Hair loss, fatigue and muscle pain

What diseases cause hair loss?

Hair loss - whether sudden or more insidious and gradual, whether suffered by a man or a woman - is often resented because it directly affects the image we present to others. And in a world where selfies reign supreme, presenting the best possible appearance is a daily challenge. So when you see your head receding, your temples thinning, in short, when you notice these first signs of alopecia when you look at yourself in the mirror, you're right to be concerned, and it's reasonable to ask whether such symptoms are a sign that you're suffering from a serious illness.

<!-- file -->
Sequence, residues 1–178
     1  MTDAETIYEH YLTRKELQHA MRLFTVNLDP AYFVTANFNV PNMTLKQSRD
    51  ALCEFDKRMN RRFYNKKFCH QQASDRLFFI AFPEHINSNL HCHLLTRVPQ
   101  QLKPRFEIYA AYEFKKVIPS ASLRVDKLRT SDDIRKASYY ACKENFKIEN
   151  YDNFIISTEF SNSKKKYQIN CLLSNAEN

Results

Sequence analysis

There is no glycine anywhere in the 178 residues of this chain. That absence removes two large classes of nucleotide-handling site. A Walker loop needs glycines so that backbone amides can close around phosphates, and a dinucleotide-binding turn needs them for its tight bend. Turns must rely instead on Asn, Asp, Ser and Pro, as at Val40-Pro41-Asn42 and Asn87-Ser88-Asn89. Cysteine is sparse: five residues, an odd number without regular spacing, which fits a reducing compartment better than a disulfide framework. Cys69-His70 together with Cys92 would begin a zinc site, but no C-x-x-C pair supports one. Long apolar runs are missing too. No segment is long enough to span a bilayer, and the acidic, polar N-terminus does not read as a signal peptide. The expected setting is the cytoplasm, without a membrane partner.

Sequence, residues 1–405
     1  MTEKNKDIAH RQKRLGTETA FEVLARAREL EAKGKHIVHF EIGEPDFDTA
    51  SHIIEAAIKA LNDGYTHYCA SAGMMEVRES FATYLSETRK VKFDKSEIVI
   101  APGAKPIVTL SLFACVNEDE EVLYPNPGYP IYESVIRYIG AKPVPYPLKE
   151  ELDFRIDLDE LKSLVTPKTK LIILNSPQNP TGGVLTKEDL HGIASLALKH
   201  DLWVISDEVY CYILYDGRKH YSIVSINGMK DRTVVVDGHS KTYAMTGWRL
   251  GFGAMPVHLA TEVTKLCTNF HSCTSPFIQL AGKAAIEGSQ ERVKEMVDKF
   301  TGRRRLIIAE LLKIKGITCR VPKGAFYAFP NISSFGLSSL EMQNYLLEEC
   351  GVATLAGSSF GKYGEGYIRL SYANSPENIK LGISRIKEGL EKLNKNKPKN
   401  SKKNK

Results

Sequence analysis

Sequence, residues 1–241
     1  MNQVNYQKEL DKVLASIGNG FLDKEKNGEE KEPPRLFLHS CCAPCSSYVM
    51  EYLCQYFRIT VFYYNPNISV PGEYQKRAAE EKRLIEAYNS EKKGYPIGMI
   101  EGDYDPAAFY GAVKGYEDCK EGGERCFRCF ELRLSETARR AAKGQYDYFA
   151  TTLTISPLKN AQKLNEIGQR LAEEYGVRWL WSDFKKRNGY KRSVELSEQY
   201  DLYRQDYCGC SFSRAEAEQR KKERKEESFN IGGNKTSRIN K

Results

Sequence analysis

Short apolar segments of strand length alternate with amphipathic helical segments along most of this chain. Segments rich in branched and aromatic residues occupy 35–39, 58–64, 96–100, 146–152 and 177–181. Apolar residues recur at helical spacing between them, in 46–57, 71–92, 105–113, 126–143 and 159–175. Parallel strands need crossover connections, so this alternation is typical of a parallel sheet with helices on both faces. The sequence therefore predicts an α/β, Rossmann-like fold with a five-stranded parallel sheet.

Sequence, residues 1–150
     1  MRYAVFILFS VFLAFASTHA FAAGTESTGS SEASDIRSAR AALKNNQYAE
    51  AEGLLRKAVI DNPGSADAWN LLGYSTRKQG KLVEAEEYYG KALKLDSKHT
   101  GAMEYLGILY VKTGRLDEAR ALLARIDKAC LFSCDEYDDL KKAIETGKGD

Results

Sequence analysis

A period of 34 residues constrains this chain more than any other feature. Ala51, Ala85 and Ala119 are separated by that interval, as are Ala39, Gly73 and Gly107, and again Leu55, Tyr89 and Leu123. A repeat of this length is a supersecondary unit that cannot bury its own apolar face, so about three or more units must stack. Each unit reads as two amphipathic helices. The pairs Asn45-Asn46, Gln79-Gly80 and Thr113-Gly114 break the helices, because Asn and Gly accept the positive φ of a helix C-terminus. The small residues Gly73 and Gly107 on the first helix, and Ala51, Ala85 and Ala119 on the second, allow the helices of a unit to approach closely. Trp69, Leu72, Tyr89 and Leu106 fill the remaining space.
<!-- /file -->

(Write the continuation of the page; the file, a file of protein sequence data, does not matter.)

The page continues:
It's true that certain diseases, by causing tissue inflammation, have a negative impact on cell renewal and therefore on the health of the hair shaft, which will renew itself less and less effectively. In this case, your doctor will generally be able to recognise the signs of the disease from the symptoms observed, and prescribe the appropriate treatment.

Yes, solutions exist to treat these pathologies and reduce their impact on the hair in many cases, ... but not in all cases.

5 diseases that cause hair loss

Among the diseases that cause hair loss, the main ones are :